Kingsman: The Golden Circle (2017)
Dir.: Matthew Vaughn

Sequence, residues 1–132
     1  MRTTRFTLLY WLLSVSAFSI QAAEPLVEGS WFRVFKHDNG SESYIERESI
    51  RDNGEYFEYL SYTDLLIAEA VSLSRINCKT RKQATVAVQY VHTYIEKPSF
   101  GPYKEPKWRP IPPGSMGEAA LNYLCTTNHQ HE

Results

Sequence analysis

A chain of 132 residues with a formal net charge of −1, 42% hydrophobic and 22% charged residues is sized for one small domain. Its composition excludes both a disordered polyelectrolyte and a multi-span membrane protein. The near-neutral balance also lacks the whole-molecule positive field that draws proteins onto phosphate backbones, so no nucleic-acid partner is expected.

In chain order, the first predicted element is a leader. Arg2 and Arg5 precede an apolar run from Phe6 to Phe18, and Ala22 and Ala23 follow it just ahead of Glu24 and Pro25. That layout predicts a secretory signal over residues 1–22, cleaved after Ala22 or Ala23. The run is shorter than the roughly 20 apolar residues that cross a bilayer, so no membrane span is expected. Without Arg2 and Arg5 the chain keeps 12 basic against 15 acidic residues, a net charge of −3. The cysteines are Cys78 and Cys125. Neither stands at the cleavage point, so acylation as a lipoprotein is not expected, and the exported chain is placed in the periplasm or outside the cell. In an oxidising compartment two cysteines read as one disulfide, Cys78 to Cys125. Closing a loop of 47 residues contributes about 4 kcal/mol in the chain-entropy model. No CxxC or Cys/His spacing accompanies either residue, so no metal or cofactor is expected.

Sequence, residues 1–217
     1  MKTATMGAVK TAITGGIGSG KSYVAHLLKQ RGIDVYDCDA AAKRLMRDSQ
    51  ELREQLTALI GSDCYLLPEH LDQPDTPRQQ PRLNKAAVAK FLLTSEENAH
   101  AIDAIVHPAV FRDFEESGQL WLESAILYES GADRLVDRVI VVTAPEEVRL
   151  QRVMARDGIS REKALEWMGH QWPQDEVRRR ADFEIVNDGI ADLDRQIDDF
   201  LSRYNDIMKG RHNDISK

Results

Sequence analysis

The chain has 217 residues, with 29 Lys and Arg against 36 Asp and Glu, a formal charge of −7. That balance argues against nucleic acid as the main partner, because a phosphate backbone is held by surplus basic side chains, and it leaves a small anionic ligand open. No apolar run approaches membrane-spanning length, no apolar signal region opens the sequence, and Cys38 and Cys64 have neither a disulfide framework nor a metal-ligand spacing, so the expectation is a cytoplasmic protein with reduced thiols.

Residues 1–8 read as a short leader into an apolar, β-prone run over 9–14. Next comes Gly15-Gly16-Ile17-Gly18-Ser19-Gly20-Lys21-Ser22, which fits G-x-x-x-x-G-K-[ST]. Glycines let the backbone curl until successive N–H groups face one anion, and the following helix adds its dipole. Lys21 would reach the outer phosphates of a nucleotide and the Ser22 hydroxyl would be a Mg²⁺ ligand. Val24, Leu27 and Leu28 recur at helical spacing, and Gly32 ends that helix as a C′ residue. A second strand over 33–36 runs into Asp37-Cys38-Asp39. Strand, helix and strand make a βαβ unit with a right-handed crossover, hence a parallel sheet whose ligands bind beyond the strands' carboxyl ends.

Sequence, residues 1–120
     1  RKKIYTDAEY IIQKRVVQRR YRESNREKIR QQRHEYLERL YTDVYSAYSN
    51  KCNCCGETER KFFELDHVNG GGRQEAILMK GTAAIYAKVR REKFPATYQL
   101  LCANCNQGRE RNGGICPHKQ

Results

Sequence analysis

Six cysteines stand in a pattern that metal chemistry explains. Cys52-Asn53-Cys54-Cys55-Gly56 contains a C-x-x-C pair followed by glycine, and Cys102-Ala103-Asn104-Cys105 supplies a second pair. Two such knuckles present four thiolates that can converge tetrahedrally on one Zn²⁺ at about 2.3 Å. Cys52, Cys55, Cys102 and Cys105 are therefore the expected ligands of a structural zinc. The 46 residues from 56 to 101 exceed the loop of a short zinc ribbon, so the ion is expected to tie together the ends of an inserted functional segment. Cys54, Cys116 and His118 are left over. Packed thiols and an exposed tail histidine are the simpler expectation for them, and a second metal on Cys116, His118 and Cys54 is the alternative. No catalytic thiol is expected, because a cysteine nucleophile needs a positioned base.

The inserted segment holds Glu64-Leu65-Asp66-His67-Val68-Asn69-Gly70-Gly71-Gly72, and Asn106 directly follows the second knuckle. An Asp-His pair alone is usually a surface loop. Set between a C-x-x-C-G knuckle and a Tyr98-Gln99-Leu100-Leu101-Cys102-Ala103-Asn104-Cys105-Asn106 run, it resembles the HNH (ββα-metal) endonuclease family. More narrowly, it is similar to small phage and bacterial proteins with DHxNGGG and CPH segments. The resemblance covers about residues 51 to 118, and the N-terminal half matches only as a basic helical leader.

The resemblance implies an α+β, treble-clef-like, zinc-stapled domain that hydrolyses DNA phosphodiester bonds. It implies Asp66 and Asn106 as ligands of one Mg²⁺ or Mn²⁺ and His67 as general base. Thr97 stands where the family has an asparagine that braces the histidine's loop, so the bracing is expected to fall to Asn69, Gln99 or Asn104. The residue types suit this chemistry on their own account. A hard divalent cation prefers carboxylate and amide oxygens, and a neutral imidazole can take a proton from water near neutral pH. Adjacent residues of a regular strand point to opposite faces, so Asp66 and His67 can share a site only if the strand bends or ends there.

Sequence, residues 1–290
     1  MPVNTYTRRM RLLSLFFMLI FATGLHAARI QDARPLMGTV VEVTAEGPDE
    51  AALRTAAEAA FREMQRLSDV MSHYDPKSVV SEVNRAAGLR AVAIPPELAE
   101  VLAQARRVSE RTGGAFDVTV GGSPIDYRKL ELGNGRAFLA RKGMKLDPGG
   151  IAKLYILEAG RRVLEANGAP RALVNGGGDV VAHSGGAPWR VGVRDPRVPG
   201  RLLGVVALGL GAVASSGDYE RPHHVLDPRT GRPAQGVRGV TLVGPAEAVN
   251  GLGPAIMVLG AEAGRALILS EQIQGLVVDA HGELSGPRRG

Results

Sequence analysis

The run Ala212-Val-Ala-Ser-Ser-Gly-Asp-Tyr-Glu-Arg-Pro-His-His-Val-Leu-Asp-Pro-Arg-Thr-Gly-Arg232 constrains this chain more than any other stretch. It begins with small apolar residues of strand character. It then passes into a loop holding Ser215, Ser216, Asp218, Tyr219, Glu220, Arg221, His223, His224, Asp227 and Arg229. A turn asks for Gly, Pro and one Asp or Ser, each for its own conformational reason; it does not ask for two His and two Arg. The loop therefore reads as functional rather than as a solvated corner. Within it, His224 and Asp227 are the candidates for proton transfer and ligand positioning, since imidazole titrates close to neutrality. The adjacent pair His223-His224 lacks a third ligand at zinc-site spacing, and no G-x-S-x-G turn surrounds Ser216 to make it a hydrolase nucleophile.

When Kingsman: The Secret Service came out, it was a surprise hit. Matthew Vaughn had begun to make a name for himself in the world of comic book directing with films such as Kick-Ass and X-Men: First Class, and by the time the first Kingsman film rolled around, he had begun to solidify his directing style. With a knack for quick-editing, over-the-top action and generally snappy soundtrack cues, Vaughn has shown himself repeatedly to be a talented, stylish director when it comes to relaying action on screen. His knack for writing his films, however, tends to veer towards the long-winded and the hyper masculine, oftentimes veering off into narrative detours that never seem to compliment the film quite as well as his technical action prowess does. Perhaps no film better shows this lack of narrative cohesion in the face of fun, frenetic action than Kingsman: The Golden Circle. While this film is a likable watch, and a whole lot of fun just like its predecessor, it unfortunately fails to improve upon the original due to its narrative shortcomings, its lack of consistent narrative themes, its over-indebtedness to its predecessor (this film even shares some of the same exact scenes as the first, same direction and music and all,) and its misuse of certain characters and actors. It's a mixed bag that is recommendable only to existing Vaughn fans, and it's not the best showcase of the director's talent, nor the cast that is present, despite it being a generally serviceable slice of entertainment.